Edom Isaacson, as stated above is the identical twin brother of Jacob as well as Agnes’ older brother. He often recites terrible natural disasters from the past to a mostly unwilling audience. As a child, he received an award for roses, but his father (who considered striving to better one’s self a sin) beat him and tried to force him to eat some of the roses. After Agnes marries Joey, Joey takes him to town and buys him all the materials he needs to start his own rose garden. Edom later marries Agnes’s English student and good friend Maria Gonzalez, a Mexican woman, and he opens his own florist’s shop.
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Ticktock is a novel by Dean Koontz.
The story opens with Tommy getting a new corvette. He argues with his mother, refusing her offer for dinner. In a fit of rebellion, he eats two cheeseburgers, something his mother dislikes. He meets a blond waitress there. His radio quits working during one of these two trips, and in the static are eerie voices.
The doll appears to be growing larger as their journey continues. They visit Tommy’s brother, Gi, to try and translate the note. They then go to Del’s apartment, where we learn she’s quite rich, but is a waitress anyway. She also shows another side to her when Tommy wants to see her paintings, and she threatens to shoot him if he does. Her dog seems incredibly smart, something that unnerves Tommy.
In their journey to escape the ever growing doll, Tommy’s Corvette is trashed, two cars are stolen, and one large boat is trashed. They arrive at Del’s mother’s home, which seems utterly odd. They claim to be able to listen to live stuff from the past with their radio. Del’s mother shows an uncanny sense of time when she knows exactly when the rain will stop.
Gi calls and tells Tommy to go to their mother, and not to bring the blonde along. Tommy brings Del along anyway, where he then learns the doll was conjured to scare him back home by a friend of his mother. They begin a ritual that, after a few harrowing minutes, completely dispels the monster.
Tommy sees Del’s paintings and they’re of him. She had remotely viewed him over the past 2 years because she knows he is her destiny.
He and Del get married in Vegas. Then they go back to their normal town, and in a conversation with Tommy’s mother, Tommy learns Del is actually an alien, implanted in her mother when her mother and father were abducted a long time ago. Del’s dog is also an alien, sent to be her guide. They are supposed to find the evil extraterrestrial influence and remove it. Del states that it is very lonely, but now it will not be because she has Tommy.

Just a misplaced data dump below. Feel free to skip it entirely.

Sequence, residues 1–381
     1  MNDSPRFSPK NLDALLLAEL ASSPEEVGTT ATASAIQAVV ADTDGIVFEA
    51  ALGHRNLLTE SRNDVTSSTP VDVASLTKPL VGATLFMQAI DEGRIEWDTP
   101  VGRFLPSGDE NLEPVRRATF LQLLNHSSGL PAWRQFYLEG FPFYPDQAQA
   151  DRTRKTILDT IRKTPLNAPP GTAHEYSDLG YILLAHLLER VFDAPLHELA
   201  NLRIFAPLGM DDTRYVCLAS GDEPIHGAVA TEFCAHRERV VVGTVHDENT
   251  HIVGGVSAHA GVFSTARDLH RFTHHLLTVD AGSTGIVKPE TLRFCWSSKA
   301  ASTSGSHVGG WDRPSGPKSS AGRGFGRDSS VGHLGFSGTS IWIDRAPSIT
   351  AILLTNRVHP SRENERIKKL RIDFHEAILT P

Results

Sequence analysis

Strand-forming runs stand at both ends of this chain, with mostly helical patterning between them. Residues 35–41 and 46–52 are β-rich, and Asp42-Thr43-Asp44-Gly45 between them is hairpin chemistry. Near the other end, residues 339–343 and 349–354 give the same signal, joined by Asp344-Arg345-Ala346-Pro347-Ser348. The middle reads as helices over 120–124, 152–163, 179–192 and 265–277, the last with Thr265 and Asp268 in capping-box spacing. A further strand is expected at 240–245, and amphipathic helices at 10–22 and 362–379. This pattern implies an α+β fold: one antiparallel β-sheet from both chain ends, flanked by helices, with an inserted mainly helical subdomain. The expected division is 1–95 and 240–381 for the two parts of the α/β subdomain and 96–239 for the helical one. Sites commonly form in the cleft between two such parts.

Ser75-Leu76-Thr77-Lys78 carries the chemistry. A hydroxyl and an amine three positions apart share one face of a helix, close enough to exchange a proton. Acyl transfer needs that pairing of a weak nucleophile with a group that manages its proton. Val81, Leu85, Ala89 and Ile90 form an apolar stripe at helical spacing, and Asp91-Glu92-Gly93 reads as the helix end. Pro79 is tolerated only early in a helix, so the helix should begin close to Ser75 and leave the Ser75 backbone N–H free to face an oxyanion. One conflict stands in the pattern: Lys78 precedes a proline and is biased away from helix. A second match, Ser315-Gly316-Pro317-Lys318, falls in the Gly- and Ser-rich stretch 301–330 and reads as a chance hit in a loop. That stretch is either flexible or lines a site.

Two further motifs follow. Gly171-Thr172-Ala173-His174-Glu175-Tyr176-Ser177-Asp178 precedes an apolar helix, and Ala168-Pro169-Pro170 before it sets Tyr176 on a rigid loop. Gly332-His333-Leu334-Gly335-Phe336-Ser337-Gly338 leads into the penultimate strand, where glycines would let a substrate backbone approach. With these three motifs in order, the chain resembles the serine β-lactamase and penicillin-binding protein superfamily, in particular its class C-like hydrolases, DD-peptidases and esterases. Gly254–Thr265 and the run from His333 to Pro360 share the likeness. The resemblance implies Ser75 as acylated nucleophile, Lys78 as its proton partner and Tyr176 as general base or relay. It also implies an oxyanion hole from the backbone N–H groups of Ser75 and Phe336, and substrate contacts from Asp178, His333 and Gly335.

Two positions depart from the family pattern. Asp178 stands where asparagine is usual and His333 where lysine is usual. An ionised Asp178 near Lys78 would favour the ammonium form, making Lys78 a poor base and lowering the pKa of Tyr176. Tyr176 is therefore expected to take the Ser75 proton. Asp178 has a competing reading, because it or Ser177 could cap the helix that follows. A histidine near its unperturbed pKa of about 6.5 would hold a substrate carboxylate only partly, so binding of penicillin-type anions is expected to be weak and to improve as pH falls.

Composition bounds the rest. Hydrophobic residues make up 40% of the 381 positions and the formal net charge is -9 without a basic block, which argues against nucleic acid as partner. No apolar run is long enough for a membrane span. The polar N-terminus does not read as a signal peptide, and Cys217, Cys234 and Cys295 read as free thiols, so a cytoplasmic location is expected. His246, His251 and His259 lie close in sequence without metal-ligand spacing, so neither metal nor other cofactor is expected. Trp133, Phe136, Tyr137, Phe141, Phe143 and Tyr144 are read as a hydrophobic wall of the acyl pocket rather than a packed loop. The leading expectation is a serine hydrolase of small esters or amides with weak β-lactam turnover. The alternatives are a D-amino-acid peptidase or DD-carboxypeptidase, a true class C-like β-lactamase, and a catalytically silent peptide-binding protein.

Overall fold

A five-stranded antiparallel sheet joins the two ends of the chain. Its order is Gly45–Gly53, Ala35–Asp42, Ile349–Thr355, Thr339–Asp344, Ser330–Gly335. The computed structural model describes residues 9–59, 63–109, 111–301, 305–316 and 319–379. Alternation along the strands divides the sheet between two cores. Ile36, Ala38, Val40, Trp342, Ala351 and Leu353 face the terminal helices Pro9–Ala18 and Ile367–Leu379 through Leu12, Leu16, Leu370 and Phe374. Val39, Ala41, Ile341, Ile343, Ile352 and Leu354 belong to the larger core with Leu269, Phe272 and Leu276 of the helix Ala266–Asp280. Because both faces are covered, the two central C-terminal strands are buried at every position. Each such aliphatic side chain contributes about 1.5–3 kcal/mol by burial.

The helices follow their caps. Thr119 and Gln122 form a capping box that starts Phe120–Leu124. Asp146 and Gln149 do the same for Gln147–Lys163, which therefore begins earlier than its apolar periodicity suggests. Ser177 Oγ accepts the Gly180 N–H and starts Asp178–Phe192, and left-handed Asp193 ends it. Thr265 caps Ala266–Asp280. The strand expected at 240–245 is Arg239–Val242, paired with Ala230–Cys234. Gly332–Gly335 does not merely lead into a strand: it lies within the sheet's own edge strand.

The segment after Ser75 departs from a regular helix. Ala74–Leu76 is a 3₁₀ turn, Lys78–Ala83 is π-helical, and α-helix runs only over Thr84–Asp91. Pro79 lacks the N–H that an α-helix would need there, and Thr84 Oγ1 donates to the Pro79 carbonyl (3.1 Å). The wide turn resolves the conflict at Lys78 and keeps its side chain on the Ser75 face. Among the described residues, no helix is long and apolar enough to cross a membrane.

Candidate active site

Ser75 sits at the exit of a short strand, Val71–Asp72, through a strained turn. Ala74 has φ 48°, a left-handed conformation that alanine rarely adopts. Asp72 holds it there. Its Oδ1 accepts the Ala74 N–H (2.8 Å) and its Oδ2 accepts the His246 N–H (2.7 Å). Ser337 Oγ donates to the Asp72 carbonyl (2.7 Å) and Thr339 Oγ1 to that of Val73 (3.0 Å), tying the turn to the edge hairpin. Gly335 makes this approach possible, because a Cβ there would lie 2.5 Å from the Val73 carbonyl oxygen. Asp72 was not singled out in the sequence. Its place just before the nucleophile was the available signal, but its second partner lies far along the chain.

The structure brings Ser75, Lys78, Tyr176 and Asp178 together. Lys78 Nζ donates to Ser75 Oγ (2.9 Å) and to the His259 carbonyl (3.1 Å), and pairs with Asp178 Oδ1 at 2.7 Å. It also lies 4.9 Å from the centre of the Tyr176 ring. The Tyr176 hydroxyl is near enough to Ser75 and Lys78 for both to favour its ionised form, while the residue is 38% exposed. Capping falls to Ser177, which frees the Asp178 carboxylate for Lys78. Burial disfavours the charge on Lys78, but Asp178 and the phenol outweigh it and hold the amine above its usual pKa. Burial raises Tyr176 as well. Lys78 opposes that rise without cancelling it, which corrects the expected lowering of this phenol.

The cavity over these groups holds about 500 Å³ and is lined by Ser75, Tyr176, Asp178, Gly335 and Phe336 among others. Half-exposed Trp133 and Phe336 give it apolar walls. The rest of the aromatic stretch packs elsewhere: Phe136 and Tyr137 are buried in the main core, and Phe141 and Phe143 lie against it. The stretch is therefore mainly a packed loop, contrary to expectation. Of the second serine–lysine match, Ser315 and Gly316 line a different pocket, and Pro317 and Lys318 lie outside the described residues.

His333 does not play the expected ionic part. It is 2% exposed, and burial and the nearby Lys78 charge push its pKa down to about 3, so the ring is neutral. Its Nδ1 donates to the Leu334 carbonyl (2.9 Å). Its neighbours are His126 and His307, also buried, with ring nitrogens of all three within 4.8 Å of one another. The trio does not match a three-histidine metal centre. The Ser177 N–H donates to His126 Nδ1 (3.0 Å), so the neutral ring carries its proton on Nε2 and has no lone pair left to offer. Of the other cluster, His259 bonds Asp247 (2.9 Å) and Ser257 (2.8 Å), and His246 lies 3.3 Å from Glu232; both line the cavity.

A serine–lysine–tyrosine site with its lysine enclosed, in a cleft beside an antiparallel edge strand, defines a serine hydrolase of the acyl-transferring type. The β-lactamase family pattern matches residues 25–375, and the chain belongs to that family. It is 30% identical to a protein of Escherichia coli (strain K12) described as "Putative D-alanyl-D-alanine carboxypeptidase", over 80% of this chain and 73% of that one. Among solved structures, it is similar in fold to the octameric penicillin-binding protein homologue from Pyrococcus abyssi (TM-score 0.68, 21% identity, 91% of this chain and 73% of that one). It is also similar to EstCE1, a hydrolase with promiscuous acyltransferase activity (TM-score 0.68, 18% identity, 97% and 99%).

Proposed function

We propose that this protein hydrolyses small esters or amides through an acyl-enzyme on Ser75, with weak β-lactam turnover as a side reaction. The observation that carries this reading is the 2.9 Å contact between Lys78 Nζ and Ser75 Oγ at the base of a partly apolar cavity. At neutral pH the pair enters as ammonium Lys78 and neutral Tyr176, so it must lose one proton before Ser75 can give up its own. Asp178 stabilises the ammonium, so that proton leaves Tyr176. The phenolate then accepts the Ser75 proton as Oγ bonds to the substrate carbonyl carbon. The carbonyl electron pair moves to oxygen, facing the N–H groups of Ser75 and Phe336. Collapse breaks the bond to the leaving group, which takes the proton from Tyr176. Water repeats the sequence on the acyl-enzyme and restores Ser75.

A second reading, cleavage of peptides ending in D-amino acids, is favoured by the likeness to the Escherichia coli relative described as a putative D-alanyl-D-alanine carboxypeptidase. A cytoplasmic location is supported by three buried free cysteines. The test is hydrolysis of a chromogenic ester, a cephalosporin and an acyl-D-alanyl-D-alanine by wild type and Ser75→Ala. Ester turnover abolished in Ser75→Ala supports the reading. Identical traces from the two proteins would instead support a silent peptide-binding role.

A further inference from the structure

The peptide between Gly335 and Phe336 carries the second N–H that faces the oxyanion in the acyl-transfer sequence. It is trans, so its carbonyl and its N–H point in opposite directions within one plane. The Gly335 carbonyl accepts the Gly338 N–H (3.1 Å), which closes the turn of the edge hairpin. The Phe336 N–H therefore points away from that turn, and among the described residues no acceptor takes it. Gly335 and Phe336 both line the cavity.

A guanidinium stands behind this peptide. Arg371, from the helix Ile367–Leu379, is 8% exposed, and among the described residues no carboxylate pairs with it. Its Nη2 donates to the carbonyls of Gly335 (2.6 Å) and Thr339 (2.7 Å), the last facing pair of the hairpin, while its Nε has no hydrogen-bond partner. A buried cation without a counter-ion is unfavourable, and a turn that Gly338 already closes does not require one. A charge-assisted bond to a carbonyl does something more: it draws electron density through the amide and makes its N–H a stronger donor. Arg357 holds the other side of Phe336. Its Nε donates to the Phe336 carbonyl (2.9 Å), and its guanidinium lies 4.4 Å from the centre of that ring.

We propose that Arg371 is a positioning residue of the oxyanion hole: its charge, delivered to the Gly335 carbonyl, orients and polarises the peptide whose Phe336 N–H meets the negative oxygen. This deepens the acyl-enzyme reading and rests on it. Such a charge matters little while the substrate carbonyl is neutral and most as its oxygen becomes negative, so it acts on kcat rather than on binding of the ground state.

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Intensity is a novel by the best-selling author Dean Koontz, released in 1995.
Chyna Shepard is a college student visiting the family of her friend, Laura Templeton, for a long weekend. Chyna, who was abused and neglected by her mother as a child, finds the Templeton house provides something she has yearned: acceptance. This comes to a violent end when Edgler Vess, a serial killer, breaks into the house in the night and methodically kills all of the occupants except Laura and Chyna.
Chyna hides from him under her bed and waits until he goes downstairs. She searches the house and finds Laura’s father shot and tied to a toilet seat, and the mother stabbed to death in the shower. Chyna encounters Vess on the stairs eating a spider before she sneaks into Laura’s room. She finds Laura tied up and raped. Chyna sneaks away, promising to return. Before she can intervene, Vess kills Laura and takes her to his motor home. Chyna hears Laura screaming and runs upstairs intending to attack Vess with a knife. Unaware Laura is dead, Chyna sneaks aboard the motor home and finds her friend’s corpse. Before she can escape, Vess drives away. Chyna hides in a back room, planning to escape at the earliest opportunity. When he stops at a gas station, she sneaks out of the motor home, and heads inside the gas station to find a phone. Chyna surreptitiously watches Vess boast to the gas station clerks that he is holding a young girl, Ariel, prisoner in his basement, before he kills them and drives away. Chyna feels compelled to follow Vess and help free the girl. She takes an attendant’s car, and follows Vess. Chyna passes Vess while traveling through a state park and crashes her car into a redwood tree. While Vess gets out to investigate, Chyna sneaks on board the motor home.